There is a great article in today’s Toronto Star by Carol Goar: http://bit.ly/13Ep14A
Three donors have banded their funds together and supported a room on the new George Brown campus on the waterfront. The twist is they are naming the room in honour of a migrant care giver, and keeping their names anonymous! What an honour to the care giver, a great incentive for students in the care giving program and a very generous gesture on behalf of the donors- true philanthropy- pass it on!
Last week I read that Peter Braid, MP, Kitchener-Waterloo has introduced a private members bill to move the Canadian tax deadline for charitable giving from December 31 to the end of February. I think this is a grand idea.
This would match the tax deadline for RRSPS and move the deadline for charitable giving from a time when many Canadians may be cash strapped over the holidays. While private members bills rarely become law, a spokesperson for Jim Flaherty has indicated that the government is reviewing the idea. Might be worth sending your MP an email if you are in favour.
This issue came up yesterday at Prime Quadrant’s conference on “Today’s Opportunities Across The Asset Classes”. A donor approached me and said she did not think it right that she and her husband were being asked to raise funds for a building that carried the name of the original donor who is since deceased. The cultural building is in need of an upgrade and she felt the original donor should not be reaping the rewards from current donors who were raising far more funds than the original gift. She makes a good point.
While philanthropists have been giving to charitable causes for hundreds of years in Canada, it is only in recent years that formal donor agreements have really come into the mainstream. In the old days a donor was approached for support, perhaps there may have been a “gentleman’s agreement” on the gift amount and possibly on the type of recognition and that was that. There may not have been anything signed aside from the cheque and it was just expected the building would hold the original donor’s name in perpetuity. Read more
I was reading an article today from the Chronicle of Philanthropy on who is the best person in an organization to ask a potential donor for support. The response from Kent Dove, a former development officer at Indiana University included a reference to the “six rights” when asking for funding. He says “Aim for the right person to ask the right donor for the right amount in the right form at the right time and for the right purpose.”
He is so right! In working with many donors, I often see situations where a donor has been approached either by the wrong person, at the wrong time, for the wrong reason or in the wrong format. This can be very frustrating for the donor as well as the charity.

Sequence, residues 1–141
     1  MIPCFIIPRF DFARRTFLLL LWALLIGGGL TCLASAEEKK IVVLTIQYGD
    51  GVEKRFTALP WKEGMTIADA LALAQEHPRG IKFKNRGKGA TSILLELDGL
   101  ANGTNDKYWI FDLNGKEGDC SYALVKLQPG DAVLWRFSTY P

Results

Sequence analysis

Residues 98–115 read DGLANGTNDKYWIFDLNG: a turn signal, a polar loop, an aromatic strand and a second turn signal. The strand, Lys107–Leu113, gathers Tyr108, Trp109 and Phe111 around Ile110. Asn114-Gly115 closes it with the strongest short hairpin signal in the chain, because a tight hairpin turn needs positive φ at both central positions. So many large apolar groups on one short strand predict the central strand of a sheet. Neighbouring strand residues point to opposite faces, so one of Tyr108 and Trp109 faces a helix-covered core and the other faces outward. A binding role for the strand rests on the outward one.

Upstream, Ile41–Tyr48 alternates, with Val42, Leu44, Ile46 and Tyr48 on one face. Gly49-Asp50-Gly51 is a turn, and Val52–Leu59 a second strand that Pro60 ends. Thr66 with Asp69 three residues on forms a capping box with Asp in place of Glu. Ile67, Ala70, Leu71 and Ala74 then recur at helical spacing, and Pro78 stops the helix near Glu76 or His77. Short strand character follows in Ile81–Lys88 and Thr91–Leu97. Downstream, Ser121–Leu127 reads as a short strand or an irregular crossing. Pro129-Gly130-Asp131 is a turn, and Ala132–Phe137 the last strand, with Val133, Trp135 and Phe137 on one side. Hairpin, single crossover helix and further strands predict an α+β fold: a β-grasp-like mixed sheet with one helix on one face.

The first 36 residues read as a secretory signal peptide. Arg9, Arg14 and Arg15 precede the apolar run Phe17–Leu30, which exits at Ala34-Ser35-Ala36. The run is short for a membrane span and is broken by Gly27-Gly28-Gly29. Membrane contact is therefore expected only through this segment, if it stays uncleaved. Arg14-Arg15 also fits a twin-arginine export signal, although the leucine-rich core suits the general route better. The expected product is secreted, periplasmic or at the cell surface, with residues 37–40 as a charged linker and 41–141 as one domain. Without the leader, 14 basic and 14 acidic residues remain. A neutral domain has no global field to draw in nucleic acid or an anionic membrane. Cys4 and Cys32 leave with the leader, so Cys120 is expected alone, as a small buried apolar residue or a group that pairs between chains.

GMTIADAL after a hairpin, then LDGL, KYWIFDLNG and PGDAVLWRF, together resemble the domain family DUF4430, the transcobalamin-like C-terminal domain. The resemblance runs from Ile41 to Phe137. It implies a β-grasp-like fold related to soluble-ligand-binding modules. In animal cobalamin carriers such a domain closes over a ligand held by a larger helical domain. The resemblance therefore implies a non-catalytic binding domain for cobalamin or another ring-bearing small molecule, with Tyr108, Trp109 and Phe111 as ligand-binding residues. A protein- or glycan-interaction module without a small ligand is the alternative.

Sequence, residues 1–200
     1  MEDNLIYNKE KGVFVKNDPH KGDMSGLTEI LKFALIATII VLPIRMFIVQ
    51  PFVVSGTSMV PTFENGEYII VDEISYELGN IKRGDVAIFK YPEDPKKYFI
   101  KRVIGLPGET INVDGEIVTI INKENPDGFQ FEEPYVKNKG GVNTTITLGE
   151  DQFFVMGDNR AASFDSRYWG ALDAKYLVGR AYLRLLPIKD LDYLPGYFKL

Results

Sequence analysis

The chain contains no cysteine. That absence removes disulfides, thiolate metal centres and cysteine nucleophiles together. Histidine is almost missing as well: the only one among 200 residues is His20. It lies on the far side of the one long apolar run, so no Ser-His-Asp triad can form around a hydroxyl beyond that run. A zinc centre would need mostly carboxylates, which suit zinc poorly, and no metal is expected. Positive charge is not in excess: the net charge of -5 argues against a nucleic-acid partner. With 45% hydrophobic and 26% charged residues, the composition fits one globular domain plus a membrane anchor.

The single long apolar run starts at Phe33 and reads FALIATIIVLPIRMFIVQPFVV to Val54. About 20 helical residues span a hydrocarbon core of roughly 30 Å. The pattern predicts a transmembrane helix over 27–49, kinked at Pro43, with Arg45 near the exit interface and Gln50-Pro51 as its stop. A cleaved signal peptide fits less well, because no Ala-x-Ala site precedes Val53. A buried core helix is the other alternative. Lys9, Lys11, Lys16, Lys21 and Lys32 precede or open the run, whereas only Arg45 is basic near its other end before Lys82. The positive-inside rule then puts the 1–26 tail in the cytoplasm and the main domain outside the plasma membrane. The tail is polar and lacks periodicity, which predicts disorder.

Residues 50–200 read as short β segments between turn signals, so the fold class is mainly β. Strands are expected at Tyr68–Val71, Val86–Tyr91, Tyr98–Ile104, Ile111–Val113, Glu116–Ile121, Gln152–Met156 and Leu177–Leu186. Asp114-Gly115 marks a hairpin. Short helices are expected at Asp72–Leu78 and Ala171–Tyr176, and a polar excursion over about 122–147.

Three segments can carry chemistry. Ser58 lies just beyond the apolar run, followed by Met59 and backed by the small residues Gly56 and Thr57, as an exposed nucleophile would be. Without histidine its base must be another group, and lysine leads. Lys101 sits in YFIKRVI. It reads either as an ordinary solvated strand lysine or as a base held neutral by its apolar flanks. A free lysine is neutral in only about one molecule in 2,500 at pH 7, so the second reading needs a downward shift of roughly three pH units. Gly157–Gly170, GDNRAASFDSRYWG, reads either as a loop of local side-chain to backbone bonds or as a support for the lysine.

Looking at this from the donor’s perspective, what can you do to minimize unwanted, unsolicited proposals that may not even fit with your philanthropic goals?
Here are “Six Rights for Donors” in order to focus philanthropic requests for your support.
It is Right to:
• Be very clear on your philanthropic giving. If you focus on one or two areas, it is easier to identify which projects best suit your interests while reducing unsolicited requests.
• Communicate your areas of interest. If you let people know your philanthropic interests it will be easier for charities to understand if their projects are in line with your goals. It can be as simple as a one line statement such as “The Smith Foundation focuses on support to at risk youth and homeless mothers”.
• Know something about the charities that have asked to meet with you. At the very least, make sure they are a qualified donee with the Canada Revenue Agency and that you have some idea of their mandate and activities.
• Ask for a written proposal before you agree to meet. Ask the charity to define in writing what it is they are proposing to do and why they need your support. This will help you determine if indeed you wish to meet with the organization.
• Make a few calls to other potential funders. See if others you know have been approached and what they know of the project or the organization if unknown to you.
• Say no to a meeting request. Do not be bullied into meeting with a group because your old friend suggested they call you. If it fits with what you wish to do philanthropically, then go right ahead, but if it is just another request for support that is far from your own interests you have a right to just say “no”.
Follow these simple steps and you will reduce the number of unwanted meetings and unsolicited requests for your support.